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After 60 Years, Girl's Experience At Whites-Only Gas Station Still Hurts

Francine Anderson grew up in a small town in Virginia in the 1950s. She says that when she was 5 years old, she first realized that the color of her skin could put her in danger.
Francine Anderson grew up in a small town in Virginia in the 1950s. She says that when she was 5 years old, she first realized that the color of her skin could put her in danger.

Editor's Note: This story contains a quote where a racial slur is used.

Francine Anderson grew up in a small town in Virginia in the 1950s. As a young black girl, she knew all too well about racism in the Jim Crow South — but it wasn't until one night, driving back home from her grandmother's house, that she truly understood the danger she faced because of the color of her skin.

"There's a road that was long and dark, and my father did what no black man at the time was supposed to do — allowed his car to run out of gas," Anderson, now 65, says. "He ended up pushing the car, and the only place he could get to was a white truck stop with the 'White Only' signs up."

When they got to the truck stop, Anderson says that despite the signs, her father went up and knocked on the door.

"A guy came up, he said, 'What are you doing, nigger? Get away from here — can't you read?' And my dad, he took his hat and held it in his hand trying to make himself small, 'cause he was kind of a tall man," Anderson says. "He said to the guy, umm, 'I see your sign, sir. I'm sorry, I'm not trying to disturb you or your business. I just got my young kids in the car. Could I just buy a couple of gallons of gas?' "

Anderson says the guy responded, " 'I don't deal with your kind,' and he stepped back and he slammed the door."

Her father then turned and walked back to the car — and Anderson says that, in that moment, she knew he was afraid.

"He got in the car and I can remember asking him questions: 'Why can't we go? Why won't he give us any gas?' And he wasn't answering," she says. "It occurred to me as a little kid, 'we're in real trouble.' "

But then the door to the gas station opened and another man came out. Immediately, her father stiffened up.

Anderson says, "This guy got to the passenger window and said, 'I don't know what's wrong with that guy. I'm going to go get you some gas, OK?' " Anderson says. "I remember my dad was real grateful and saying, 'Let me give you these few dollars,' and the guy would say, 'No, no, it's OK.' "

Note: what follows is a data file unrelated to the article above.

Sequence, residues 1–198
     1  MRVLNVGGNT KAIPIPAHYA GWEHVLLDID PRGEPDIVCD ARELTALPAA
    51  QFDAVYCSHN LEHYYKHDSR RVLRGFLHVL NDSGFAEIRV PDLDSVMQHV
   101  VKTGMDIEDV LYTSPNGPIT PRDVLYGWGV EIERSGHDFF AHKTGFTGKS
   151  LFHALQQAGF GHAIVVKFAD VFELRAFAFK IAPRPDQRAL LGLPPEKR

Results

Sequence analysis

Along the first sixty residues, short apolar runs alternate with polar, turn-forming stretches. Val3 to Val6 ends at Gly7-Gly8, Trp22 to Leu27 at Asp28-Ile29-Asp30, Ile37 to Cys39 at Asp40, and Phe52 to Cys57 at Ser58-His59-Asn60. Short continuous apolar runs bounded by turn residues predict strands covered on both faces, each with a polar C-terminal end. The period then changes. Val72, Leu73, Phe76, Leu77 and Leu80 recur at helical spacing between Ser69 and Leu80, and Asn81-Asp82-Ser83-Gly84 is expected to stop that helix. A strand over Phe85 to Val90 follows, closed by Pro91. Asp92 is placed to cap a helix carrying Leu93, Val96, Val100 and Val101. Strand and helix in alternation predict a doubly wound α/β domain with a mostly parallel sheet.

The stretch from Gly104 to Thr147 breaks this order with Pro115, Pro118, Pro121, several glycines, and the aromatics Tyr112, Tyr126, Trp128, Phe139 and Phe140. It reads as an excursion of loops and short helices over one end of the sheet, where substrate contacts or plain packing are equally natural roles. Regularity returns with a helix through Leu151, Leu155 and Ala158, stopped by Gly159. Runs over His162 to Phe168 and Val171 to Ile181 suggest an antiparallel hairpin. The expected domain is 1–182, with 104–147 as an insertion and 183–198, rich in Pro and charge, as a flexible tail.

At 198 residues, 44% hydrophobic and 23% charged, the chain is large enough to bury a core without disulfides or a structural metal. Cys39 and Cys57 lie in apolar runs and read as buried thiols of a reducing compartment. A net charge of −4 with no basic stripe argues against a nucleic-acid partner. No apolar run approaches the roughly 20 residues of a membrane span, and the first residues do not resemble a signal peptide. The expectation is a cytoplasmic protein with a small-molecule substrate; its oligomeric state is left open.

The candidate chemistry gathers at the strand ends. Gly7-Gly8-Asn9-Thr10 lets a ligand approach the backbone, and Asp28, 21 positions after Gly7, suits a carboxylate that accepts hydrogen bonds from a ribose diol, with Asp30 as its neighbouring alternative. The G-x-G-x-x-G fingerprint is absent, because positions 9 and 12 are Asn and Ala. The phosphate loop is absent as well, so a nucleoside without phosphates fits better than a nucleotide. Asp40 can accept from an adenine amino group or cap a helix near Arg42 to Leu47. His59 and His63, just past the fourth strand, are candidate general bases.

Francine Anderson (second from the right) and her siblings shortly after the night when her father's car ran out of gas and they had to stop at a white's-only gas station.
/ Courtesy of Francine Anderson
Francine Anderson (second from the right) and her siblings shortly after the night when her father's car ran out of gas and they had to stop at a white's-only gas station.

In that moment, Anderson says she felt ashamed for her dad.

"Not because he'd done anything wrong, but because I felt like he had been made smaller in my eyes as a child," she says.

Whenever she talks to people about this story today, Anderson says she get mixed responses.

"If I talk to whites about that story, they focus on the man and how kind he was," Anderson says. "And he was kind, but at the same time when I talk to blacks about that story they're more focused on the fact that it wasn't illegal for him to deny us gas."

She says that was the law of the land at the time.

"Had my dad been defiant, that's a risk ... you could be killed speaking up for yourself," Anderson says. "It's the first time that I realized that there was real danger there. I was 5 years old."

Audio produced forMorning Edition by Kerrie Hillman.

StoryCorps is a national nonprofit that gives people the chance to interview friends and loved ones about their lives. These conversations are archived at the American Folklife Center at the Library of Congress, allowing participants to leave a legacy for future generations. Learn more, including how to interview someone in your life, at StoryCorps.org .

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